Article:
The Meat-Health Connection

By Stephen T. Sinatra, M.D., F.A.C.C., F.A.C.N., C.N.S., C.B.T.

Studies over the years indicate that a meat-heavy diet, and particularly red meat, raises your risk of coronary heart disease, stroke, colorectal cancer, and diabetes. Just how big is the risk?

In 2012, researchers from Harvard published a statistical analysis of meat eating and health based on two health databases with more than 110,000 men and women.

The results: red meat increases the risk of dying from cardiovascular causes (by 16 percent) or cancer (by 10 percent).

That’s a “significant elevation,” the researchers said, and an association that included both processed and unprocessed meat. There was, in fact, a relatively greater risk for processed meats.

Red meats refer to beef, lamb, and pork, meats that are dark in color when raw. Processed meats have been preserved by smoking, salting, curing, or adding a variety of preservatives. This category includes familiar deli products like salami and bologna, bacon, ham, and hot dogs.

The analysis, published in the Archives of Internal Medicine, found that nearly one in 10 deaths in men and 7.6 deaths in women could be prevented if people ate fewer than 0.5 servings of red meat per day. The researchers estimated that substitutions of one serving a day of other foods, including fish, poultry, nuts, legumes, low-fat dairy, and whole grains, for one daily serving of red meat could reduce the mortality rate anywhere from 7 to 19 percent.

The analysis also showed that overall people who eat more red meat are less physically active, more likely to smoke and drink alcohol, weigh more, eat more calories, and consume less fruits, vegetables, and grains. These factors were adjusted for in the analysis of the data.

Statistical analyses like these are useful indicators in sizing up the impact of lifestyle factors. My approach to diet is the 80-20 rule, that is, only 20 percent of consumption should be from animal sources, including fish, chicken, lamb, and buffalo. The best diets in the world, eaten in Asia and the Mediterranean, don’t include big chunks of meat like we have in the U.S. Sauces may be flavored with meat but that’s about it. The healthiest diets emphasize plant-based foods, high in phytonutrients, bioflavonoids, and other protective substances, along with fish and chicken. That’s the way to go and this study gives more reason to do so.

Want to learn more about a healthy diet?

Visit my Video Library and watch my What’s Cooking? video series. In it, my son, Step, and I demonstrate how to make quick, easy, healthy, and tasty dishes and drinks, while explaining to you the health benefits associated with consuming them regularly.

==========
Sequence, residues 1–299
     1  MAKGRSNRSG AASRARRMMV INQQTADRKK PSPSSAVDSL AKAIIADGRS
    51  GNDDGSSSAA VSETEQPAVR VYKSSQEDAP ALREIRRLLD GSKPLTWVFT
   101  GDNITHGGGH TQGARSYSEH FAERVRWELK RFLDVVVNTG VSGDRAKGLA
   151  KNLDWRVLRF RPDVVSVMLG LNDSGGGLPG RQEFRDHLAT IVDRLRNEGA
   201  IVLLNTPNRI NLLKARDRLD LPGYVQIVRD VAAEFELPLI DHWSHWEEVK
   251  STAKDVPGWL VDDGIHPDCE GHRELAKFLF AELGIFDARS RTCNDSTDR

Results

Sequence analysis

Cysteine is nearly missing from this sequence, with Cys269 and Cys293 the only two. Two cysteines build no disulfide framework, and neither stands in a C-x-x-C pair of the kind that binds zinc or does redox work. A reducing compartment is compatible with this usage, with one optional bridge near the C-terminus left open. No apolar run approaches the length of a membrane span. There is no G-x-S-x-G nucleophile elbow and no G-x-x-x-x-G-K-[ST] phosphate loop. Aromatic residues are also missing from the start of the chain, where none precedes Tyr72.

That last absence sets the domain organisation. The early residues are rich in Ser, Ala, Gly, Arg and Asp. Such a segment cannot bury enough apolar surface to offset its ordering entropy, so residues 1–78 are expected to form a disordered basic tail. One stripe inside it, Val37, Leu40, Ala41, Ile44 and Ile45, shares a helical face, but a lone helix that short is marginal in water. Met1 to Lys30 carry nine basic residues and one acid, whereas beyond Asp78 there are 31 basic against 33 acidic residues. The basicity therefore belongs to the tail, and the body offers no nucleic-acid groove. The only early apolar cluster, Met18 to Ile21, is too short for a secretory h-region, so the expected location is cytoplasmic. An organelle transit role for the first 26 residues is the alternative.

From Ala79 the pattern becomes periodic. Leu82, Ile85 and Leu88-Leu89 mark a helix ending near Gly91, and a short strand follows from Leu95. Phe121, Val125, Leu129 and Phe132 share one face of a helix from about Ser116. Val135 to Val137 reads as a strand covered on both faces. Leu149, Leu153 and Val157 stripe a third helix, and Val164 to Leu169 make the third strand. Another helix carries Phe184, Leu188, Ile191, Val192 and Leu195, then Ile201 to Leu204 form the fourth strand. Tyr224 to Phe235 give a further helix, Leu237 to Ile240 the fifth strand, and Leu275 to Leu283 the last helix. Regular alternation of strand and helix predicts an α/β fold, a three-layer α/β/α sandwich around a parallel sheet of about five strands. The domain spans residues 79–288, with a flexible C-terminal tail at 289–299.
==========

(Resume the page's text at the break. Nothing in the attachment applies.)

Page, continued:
In The Healing Kitchen, co-author Jim Healthy and I explain in detail how you can use particular foods like medicine – to help prevent and reverse numerous degenerative diseases like heart disease and cancer. We give you lots of great recipes to try too!


© 2013 Heart MD Institute. All rights reserved.

Leave a Reply


  1. Hilary Cowart

    on March 27, 2015 at 3:26 pm

    Did the study differentiate between grain fed beef and grass fed pastured beef. Can a blanket statement be made about all beef and the effects on a person’s health?

  2. Geckotreefrog

    on March 27, 2015 at 4:00 pm

    Same question as Hillary! Since the fatty acid profile in Any grass/ pasture fed meat is different/ profoundly better than conventionally raised meat, I would expect different results w/ grass fed v. conventional. We need to know if the study differentiated between the 2.

  3. Richard Kurylski, PhD

    on March 27, 2015 at 4:02 pm

    So all that Mediterranean diet study done in Spain 3 or 4 years ago by Spaniards themselves you often refer to must be a hoax as I expected. Why? I lived on Iberian Peninsula for 32 years and I know what Mediterranean diet is. It is not only fish and lots of veggies and fruits olive oil and 300ml -500 ml of red or white wine a day BUT ALSO HUGE AMOUNTS OF RED AND PORK MEAT. Ãnd we must add to it at least 3 cups of expresso coffee a day.The study must have been done on only a chosen kind of Mediterranean diet, which is not a genuine diet (I haven’t seen the original study). So does it mean that …?

  4. HMDI Editor

    on March 30, 2015 at 2:32 pm

    In this study, dietary intake information was collected from 37,698 men and 83,644 women via “validated food frequency questionnaires.” The researchers differentiated between processed and unprocessed meat; however, they did not specify whether the meat consumed by the participants was grain fed, or pasture raised.

    For related information, be sure to check out the Heart MD Institute home page next Thursday, April 2, 2015. We’ll have posted a brand new article about why grass-fed meat and dairy products are better food choices.

  5. Trond Hagent

    on October 14, 2015 at 2:49 pm

    Other questions of interest:
    1) Did the study discriminate between cooking style – if moderte or hight temperature? fried, cooked or grilled?
    2) Did the study tell what cooking oil was used? (saturated animal fats that is more stable to heat, or unstable vegetable oils? hexan-extracted/processed oils or extra virgin?)

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